AOL & Cogent

Paul Vixie paul at
Sun Dec 29 21:12:16 UTC 2002

> The perceived "money on the table" frequently doesn't exist and attempts
> to get it may produce the opposite result.

well, yeah, sure, but...

> * Who they shift the traffic to may be your competitor. least you know they are paying SOMEBODY, thus supporting the market
you want to be in.  you can then compete in that market.  if everybody who
could peer in N places worldwide could just get peering, then all kinds of
per-bit revenue for "high tier" network owners would turn into per-port
revenue for exchange point operators.  where's the market in that?  how
could a "high tier" even exist in those conditions?

> If you assume the above three cases are costs and you add that to the cost
> of the decreased efficiency of traffic to the target network you can
> compare it to the probability that you can sell service to the former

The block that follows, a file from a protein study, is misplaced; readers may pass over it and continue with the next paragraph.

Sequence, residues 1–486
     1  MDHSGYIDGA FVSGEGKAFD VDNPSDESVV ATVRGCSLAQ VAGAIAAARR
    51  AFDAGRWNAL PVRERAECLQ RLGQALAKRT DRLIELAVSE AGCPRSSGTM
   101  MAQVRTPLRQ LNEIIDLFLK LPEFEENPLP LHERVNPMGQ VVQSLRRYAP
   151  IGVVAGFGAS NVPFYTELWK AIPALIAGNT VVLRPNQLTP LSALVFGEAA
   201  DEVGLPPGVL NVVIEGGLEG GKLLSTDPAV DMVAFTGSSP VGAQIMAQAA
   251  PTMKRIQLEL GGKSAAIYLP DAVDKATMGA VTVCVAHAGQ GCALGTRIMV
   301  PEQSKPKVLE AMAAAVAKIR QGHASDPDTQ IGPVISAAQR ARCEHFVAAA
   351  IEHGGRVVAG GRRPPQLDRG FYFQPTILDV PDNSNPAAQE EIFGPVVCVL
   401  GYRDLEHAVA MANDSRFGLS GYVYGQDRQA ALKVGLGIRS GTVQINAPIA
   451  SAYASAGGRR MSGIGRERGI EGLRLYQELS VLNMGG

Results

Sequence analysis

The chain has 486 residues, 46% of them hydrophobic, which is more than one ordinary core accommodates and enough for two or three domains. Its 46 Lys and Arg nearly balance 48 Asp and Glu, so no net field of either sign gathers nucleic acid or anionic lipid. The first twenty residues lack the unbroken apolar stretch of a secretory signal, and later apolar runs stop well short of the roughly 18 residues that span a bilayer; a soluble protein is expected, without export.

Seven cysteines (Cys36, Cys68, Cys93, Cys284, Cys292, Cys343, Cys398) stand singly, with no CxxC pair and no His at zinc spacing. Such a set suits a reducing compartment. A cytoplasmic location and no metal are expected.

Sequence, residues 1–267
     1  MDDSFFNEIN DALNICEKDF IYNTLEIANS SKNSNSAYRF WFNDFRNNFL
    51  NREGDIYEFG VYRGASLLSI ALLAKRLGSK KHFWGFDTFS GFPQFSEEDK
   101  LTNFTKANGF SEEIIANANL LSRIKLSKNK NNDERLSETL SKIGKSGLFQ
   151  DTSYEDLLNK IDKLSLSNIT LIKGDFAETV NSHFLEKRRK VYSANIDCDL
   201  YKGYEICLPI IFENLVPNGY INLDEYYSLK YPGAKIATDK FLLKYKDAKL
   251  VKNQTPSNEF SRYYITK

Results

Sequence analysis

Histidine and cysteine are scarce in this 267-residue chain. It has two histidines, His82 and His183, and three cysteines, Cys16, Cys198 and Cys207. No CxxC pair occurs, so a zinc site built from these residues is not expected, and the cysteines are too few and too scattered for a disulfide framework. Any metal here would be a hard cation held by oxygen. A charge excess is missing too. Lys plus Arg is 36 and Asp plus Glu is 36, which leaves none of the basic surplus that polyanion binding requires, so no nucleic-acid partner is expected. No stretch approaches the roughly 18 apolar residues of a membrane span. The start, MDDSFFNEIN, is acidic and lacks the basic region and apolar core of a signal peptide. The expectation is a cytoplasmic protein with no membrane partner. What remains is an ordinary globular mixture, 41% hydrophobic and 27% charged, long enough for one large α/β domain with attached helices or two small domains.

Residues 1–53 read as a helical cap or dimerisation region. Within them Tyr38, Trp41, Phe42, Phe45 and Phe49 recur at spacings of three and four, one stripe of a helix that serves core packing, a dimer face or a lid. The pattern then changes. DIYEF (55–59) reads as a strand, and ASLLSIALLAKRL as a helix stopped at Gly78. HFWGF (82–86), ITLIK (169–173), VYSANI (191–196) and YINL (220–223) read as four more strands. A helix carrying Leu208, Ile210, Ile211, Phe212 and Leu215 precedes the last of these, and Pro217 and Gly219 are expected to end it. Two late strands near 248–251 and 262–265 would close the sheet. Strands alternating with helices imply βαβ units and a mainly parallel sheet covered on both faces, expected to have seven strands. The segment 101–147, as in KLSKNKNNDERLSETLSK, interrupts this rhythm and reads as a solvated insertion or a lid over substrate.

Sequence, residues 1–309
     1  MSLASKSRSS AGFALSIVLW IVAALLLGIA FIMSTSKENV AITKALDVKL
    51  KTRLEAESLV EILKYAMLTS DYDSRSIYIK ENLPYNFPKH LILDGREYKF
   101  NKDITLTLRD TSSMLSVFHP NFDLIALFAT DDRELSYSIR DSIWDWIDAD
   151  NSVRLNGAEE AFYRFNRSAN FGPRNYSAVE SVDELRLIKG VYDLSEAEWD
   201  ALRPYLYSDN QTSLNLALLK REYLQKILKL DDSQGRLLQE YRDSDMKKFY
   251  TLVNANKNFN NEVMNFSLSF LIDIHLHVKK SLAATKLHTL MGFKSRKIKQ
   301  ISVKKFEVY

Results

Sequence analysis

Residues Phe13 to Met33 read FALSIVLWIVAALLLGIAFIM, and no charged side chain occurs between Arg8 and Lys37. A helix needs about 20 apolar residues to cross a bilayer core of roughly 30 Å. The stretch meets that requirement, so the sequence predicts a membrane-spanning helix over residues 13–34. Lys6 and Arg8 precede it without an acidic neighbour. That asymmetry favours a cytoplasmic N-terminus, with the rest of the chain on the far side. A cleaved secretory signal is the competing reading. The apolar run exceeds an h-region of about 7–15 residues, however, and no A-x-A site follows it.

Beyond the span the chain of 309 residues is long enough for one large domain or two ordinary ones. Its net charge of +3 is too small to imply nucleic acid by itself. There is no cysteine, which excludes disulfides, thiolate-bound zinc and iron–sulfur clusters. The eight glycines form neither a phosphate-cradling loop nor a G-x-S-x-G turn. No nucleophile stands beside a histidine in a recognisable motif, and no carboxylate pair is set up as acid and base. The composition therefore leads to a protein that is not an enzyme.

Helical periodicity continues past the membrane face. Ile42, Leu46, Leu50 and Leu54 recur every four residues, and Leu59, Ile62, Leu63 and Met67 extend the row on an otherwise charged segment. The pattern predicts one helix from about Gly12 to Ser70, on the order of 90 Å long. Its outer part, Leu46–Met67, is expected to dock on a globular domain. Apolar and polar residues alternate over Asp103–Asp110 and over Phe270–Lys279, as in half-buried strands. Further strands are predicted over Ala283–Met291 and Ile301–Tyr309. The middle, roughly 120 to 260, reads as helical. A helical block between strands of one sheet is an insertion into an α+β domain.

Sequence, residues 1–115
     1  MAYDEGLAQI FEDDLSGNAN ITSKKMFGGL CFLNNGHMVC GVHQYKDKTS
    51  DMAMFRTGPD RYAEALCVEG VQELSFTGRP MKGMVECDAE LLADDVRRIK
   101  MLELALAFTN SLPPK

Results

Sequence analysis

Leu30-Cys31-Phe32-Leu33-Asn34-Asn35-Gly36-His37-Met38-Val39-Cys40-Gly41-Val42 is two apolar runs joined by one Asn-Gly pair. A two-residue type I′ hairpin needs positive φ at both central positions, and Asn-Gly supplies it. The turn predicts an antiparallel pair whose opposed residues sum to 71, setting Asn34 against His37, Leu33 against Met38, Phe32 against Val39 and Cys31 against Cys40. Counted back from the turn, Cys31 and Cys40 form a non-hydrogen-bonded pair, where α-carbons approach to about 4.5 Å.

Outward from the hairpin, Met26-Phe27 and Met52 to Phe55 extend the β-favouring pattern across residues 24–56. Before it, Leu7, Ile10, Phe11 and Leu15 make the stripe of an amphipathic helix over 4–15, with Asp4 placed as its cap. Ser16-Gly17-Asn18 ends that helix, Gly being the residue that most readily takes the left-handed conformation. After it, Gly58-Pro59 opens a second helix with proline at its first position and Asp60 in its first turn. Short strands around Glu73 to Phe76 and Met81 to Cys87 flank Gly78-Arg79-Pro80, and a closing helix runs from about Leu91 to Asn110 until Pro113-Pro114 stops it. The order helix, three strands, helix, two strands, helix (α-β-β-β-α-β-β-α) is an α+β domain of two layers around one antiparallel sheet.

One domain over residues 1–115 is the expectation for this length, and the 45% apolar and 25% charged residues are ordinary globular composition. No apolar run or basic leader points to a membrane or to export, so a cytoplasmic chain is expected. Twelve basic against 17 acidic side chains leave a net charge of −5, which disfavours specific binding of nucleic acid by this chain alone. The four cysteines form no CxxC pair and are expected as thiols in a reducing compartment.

> peer.  Depending on the relationship, you can guess the likelyhood.

well, that's a technical consideration, and as such won't matter until we've
burned through some of the overcapacity from the dot-bomb era.  right now
it's possible to do gaming and voip and other isochronous applications via
a transit provider who can backhaul your traffic 1500 miles (or 6000 miles)
to some centralised peering point and still have reasonable performance.  we
will need to 1000X the traffic volume again before this stops working again.

which should take about a year.

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